Many agencies require training for prospective parents prior to or during the home study process. This training helps prospective parents understand the needs of the children and helps families decide what type of child or children they could most effectively parent.
You will, most likely, be interviewed multiple times by your social worker, going over the topics addressed in the home study report (see below). In the case of couples, some agency workers conduct all of the interviews with both prospective parents together, while others will conduct both joint and individual interviews. If you have adult children, they may be interviewed, as well.
The home visit’s primary function is to ensure your home meets State licensing standards (e.g., working smoke alarms, safe storage of firearms, adequate space for each child, etc.). The agency will be looking for how you are planning for a new family member by examining all areas of the home, including where the child will sleep, the basement, and the back yard. Some States may require additional inspections from the local health and/or fire departments.
Most agencies require prospective adoptive parents to have some form of a physical examination. Some agencies have very specific requirements; other agencies just want to know the prospective parents are essentially healthy, have a normal life expectancy, and are physically and mentally able to handle the care of a child.
If you have a serious health problem that affects life expectancy, it may prevent approval. If your family has sought counseling or treatment for a mental health condition, you may have to provide reports from those visits. The fact that your family sought such help should not directly prevent you from adopting. Check with the agencies or social workers you are considering, however, if you have concerns.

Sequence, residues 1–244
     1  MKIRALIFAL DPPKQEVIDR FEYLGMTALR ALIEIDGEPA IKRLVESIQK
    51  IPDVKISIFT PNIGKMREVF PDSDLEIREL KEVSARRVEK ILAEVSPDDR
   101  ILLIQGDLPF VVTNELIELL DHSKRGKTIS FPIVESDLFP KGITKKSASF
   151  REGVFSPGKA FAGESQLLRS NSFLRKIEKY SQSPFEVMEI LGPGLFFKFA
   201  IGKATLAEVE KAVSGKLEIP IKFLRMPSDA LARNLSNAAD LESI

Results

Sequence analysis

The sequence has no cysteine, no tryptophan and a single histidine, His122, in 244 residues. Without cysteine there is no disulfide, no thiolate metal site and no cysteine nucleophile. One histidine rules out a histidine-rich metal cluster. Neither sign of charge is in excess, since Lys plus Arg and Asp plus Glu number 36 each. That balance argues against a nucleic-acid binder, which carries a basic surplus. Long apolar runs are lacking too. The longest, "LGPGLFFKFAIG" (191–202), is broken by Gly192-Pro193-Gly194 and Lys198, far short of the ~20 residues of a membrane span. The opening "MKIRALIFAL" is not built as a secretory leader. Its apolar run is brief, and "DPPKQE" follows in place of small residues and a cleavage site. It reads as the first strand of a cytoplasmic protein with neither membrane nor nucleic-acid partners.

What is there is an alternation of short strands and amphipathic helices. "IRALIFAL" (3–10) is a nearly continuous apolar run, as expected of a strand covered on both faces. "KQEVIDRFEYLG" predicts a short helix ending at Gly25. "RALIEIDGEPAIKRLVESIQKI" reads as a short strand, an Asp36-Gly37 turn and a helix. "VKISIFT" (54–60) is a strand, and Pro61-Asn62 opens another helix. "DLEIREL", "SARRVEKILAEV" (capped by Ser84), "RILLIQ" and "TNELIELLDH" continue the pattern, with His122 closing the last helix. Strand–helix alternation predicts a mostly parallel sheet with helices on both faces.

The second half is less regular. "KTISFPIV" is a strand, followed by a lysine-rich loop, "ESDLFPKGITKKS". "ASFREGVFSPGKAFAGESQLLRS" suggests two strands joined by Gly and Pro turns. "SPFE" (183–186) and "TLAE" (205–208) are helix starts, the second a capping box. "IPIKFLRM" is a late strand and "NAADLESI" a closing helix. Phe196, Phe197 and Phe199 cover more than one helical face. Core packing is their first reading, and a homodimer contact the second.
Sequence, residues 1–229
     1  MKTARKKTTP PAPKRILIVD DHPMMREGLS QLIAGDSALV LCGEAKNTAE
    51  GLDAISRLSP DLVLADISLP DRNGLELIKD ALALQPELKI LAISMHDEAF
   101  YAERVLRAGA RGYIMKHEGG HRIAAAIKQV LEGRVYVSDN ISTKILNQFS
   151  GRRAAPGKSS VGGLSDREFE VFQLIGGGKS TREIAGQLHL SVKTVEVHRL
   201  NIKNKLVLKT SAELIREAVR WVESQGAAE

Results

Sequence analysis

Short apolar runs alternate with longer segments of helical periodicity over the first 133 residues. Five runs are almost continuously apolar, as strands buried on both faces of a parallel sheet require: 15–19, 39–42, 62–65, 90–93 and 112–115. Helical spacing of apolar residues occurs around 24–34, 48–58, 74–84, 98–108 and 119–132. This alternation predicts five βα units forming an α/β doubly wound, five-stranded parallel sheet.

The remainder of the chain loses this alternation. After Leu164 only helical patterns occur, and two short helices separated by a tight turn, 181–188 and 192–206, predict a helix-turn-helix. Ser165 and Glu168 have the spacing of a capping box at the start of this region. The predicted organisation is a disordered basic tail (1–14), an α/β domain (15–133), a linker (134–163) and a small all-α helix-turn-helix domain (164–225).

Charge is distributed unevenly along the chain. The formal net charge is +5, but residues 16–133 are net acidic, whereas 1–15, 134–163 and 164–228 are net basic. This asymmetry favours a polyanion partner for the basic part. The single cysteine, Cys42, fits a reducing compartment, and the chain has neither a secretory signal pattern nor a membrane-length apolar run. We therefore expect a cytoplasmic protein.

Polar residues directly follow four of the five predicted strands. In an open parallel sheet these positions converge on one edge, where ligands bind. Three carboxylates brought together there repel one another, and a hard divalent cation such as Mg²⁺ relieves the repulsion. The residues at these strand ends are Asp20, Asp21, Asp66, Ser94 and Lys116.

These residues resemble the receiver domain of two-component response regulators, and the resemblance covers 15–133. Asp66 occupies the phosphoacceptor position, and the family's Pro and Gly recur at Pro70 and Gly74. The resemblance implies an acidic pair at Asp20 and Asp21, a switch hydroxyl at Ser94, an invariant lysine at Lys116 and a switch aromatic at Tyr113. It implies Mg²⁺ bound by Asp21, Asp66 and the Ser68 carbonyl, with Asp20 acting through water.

Prospective parents are usually asked to simply verify their income by showing copies of paycheck stubs, W-4 forms, or income tax forms. Agencies may also ask about savings, insurance policies, other investments and debts. Also note, some countries may have specific income requirements for adoption.
Most States require criminal and child abuse record clearances for all prospective parents. In many States, local, State, and Federal clearances are needed.
Agencies need to comply with State laws about how the findings of these background checks affect eligibility for adoptive parents. Do not hesitate to talk to prospective agencies and social workers about specific situations that might disqualify you from adopting. Agencies are not just looking at your past experiences, but at what you’ve learned from them. Some agencies may be able to work with your family, depending on the State, the charge and its resolution.
Adoption agencies may ask prospective parents to write an autobiographical statement. This statement helps the social worker better understand your family and assists them in writing the home study report (see below).
While writing about yourself can be intimidating, it is intended to provide information about you to the agency, as well as to help you explore issues related to the adoption. Some agencies have a set of questions to guide you through writing your autobiography.
The agency will ask you for the names, addresses, and telephone numbers of three or four individuals to serve as references. They will help the social worker form a more complete picture of your family.
References should be individuals who have known you for several years, have visited your home and know of your interest in and involvement with children.
Most agencies state that references must be people unrelated to you. Some good choices include close friends, an employer, or leader of your faith community.